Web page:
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Alternative licensed professionals  RSS feed

 
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I recently purchased a house in Greenwood Lake NY and really love it. It is an older house and needs work. I am not particularly handy but I am doing what I could.

I am truly fascinated by alternative building ideas like rocket mass heaters, greywater, compost toilets etc. but not at all skilled enough to build them on my own.

Any professional I can find around here gives me a strange look when I mention any of these things. My question is, is there any source or database out there of licensed professionals who are able and wiling to do this kind of work?

Thanks
 
pollinator
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Location: Southern Arizona. Zone 8b
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I doubt you'll find any such database, at least I've never heard of one.

However, a couple suggestions that might help:
People that are into alternative construction methods generally get known by word-of-mouth.  Try looking for local organizations, clubs, meet-up groups, etc. and ask those folks who they'd recommend.
If you can't find a local group, try starting one.
Failing that, try looking up general handyman types.  They tend to have a more varied skill set and are often open to new ideas.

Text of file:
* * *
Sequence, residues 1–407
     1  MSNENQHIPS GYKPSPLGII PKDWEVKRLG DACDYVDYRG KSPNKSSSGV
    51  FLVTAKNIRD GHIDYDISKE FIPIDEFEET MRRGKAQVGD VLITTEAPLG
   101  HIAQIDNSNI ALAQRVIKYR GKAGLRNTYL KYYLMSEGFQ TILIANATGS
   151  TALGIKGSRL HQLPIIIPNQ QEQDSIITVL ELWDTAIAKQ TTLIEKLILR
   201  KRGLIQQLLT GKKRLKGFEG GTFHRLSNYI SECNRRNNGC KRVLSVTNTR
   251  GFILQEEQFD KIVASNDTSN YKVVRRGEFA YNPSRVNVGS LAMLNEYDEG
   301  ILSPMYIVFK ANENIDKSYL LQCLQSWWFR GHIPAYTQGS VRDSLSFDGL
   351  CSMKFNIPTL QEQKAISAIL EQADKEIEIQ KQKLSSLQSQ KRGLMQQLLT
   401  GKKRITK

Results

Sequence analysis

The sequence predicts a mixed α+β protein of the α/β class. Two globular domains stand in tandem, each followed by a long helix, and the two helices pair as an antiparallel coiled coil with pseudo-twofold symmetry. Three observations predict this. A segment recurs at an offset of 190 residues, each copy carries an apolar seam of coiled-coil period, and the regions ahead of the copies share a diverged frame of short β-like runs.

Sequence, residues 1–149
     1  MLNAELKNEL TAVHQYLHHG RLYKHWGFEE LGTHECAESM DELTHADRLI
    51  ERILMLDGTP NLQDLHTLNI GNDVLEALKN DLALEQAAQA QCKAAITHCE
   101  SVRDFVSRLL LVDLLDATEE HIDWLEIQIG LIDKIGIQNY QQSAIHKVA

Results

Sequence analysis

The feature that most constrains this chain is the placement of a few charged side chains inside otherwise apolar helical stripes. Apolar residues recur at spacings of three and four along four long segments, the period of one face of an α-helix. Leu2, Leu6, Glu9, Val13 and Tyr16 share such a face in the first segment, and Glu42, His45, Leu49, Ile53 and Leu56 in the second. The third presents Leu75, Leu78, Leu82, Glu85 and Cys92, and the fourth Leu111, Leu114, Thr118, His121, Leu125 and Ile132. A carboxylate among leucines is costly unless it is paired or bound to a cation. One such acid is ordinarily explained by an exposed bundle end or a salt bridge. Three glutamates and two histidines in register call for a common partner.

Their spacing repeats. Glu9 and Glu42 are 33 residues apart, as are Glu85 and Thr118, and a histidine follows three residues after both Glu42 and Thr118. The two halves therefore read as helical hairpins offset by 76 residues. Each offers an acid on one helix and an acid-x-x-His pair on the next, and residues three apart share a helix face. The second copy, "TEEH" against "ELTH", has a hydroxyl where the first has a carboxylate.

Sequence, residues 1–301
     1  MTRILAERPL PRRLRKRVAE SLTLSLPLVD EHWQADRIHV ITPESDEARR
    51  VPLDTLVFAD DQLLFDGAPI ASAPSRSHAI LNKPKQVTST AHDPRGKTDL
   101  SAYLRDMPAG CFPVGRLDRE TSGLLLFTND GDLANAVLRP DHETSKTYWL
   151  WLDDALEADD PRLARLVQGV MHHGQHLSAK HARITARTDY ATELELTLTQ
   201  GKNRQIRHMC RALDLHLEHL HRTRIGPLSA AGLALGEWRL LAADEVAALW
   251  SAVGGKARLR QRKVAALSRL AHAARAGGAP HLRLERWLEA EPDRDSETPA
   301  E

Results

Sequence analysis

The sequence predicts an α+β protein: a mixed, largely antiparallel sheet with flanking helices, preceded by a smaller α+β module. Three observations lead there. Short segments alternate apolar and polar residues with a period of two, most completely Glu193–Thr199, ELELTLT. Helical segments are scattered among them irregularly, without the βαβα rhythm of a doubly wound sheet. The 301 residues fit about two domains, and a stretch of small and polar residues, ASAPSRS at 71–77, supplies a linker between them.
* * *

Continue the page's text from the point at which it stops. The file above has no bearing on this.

Chad Pilieri
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Thanks for the response.

It is amazing that books on the subject like Art Ludwig are amazingly popular on Amazon yet don't follow through to society. If I set up rain barrels and grey water, my neighbors would have a stroke.

I bet there is a huge market for it, someone needs to start the ball rolling. I will look into what I could do.
 
Peter VanDerWal
pollinator
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Chad Pilieri wrote:Thanks for the response.

It is amazing that books on the subject like Art Ludwig are amazingly popular on Amazon yet don't follow through to society.



The books are targeted mostly at people that DIY, and DIY folks don't tend to hire professionals for what they can do themselves. 
Plus for every person that buys a book and follows through there probably 2-3 dreamers that buy the book book but never get around to building anything (just guessing).

Well that an the fact that even if you sell 10,000 books, that's only 0.0026% of the US population.
 
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Location: Abkhazia
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Maybe "alternative" and "licensed" are not two things that go together well?
(In my opinion getting licensed requires to think within the predefined borders.)
 
Peter VanDerWal
pollinator
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That is a good point, although perhaps not entirely true.

Getting licensed often requires either passing a test, or completing an internship, etc.  Licensed professionals are also required to follow the rules (code, etc.).  Well technically everyone is required to follow the rules, but if you get caught violating the rules, they can't revoke your license if you don't have one.